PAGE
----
Redshirt freshman tight end Cam McCormick, redshirt senior offensive lineman Doug Brenner and redshirt freshman offensive lineman Sam Poutasi were sent to Springfield PeaceHealth Sacred Heart Medical Center at Riverbend last Friday evening after experiencing symptoms of Rhabdomyolysis hours after completing a 6 a.m. workout during winter conditioning. 

The narrative left Taggart exasperated. The last thing, he said, that he and his staff would ever do is endanger players. What occurred, according to Taggart, was an unfortunate incident that has been blown out of proportion.  

“People are convinced that we’re (dumb) and don’t care about our players,” Taggart said. “We want our fan base to know that we do.”

The controversy that found its way into newspapers and onto websites and television networks across the nation abruptly ended what for Taggart had been about as good of a first month on a job as anyone could ever hope for. 

Taggart, hired on Dec. 7 to replace Mark Helfrich, hit the recruiting trail running by landing commitments within weeks, he assembled what appears to be a dynamic coaching staff, and he successfully rebranded the program, replacing "Win the Day" with "Do Something."

Then, in as much time as it takes to do a push up, Taggart found himself being forced to defend the workout regimen in question put forth by his strength and conditioning coach, Irele Oderinde.

Oregon on Tuesday suspended Oderinde for a month, and Taggart and UO athletic director Rob Mullens released statements in which Taggart took responsibility for the situation while Mullens emphasized that the University holds the well-being of its students in high regard.

All three players are expected to recover. Brenner has already been released. What happened was certainly unfortunate. The question is, was anyone at fault?

--- Introductory workouts

Oregon began winter conditioning last week. Workouts conducted by Oderinde were held last Monday, Tuesday, Thursday and Friday. 

The idea, Taggart said, was to ease the players out of winter break with workouts that didn't consist of running or weight lifting. Oregon missed a bowl game last season for the first time since 2004. That meant that returning players had an extra full month off from structured football activities that they weren't used to having. Their season ended with a loss at Oregon State on Nov. 26.

Typically Oregon's seasons end around the first of the year with a bowl game appearance. 

“We knew our guys weren’t in shape so we didn’t put them in the weight room or run them, or anything” Taggart said. “We’re going to build up to that. It all started with pushups and sit-ups.”

Oderinde used the same workouts under Taggart at South Florida and Western Kentucky. Oderinde played at WKU when Taggart was an assistant there from 1999 through 2006. Oderinde later worked as a strength coach at WKU during Taggart's tenure as the Hilltoppers head coach. By the time Oderinde made it to USF under Taggart in 2014, the strength coach had nearly 10 years of experience, according to the Bulls' website, with previous stops at West Virginia, South Carolina and Notre Dame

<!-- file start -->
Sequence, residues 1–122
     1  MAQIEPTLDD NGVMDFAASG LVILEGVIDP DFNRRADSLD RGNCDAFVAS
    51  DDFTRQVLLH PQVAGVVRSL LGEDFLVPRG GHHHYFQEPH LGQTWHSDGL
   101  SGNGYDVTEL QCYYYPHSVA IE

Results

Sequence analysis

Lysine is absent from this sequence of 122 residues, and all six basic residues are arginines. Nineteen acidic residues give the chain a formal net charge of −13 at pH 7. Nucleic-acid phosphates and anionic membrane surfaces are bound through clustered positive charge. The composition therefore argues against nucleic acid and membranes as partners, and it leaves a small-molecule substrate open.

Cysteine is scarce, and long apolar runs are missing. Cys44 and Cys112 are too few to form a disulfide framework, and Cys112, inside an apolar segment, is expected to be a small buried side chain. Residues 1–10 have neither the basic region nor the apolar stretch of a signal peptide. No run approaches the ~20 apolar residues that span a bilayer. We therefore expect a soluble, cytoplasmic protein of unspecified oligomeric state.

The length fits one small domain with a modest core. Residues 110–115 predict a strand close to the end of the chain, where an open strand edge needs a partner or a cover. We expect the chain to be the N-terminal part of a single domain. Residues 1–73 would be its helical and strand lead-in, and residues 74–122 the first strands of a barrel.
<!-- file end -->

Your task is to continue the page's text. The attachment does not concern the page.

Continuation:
The workout sessions, which included planks, were designed to last 45 minutes with the team broken up into three groups with start times of 6 a.m., 8 a.m. and 10 a.m.  Workouts were extended if players didn't use proper technique and/or didn't follow directions, according to Taggart. Punishment involved up downs as a group even if one player botched the workout.

“The whole team is held accountable,” Taggart said. “Then they go back to pushups and sit-ups and do it right. It’s more about just teaching guys the details and how we’re going to do things the right way.”

During last year’s 4-8 season, which led to the firing of Helfrich, players slacked in some areas, namely preparation and attention to detail. Taggart has told the team that those days are over.

Reestablishing accountability, however, does not involve cruelty, according to Taggart. 

Players, Taggart said, were given breaks and allowed to get water whenever needed. Then they could resume the workouts when they were ready to do so.

“No one expected everyone to make it and do them all,” Taggart said.

For that reason, according to Taggart, coaches did not order players to continue working past their limitations. Only vocal encouragement was involved. 

“Coach O doesn’t even work that way,” Taggart said. “He’s not even that kind of guy. He doesn’t yell, he doesn’t do any of that stuff.”

Many players, Taggart said, took advantage of the ability to take breaks when they reached their max. In fact, Taggart said, coaches knew that many players wouldn’t finish the workouts. Some assistant coaches and trainers were present for the workouts. 

“We had some guys struggling,” Taggart said. “We had some guys sit out and not finish.”

--- Overdoing it

The scene involving Brenner, Poutasi and McCormick, Taggart said, did not involve the players passing out on the field and having to be rushed to the hospital.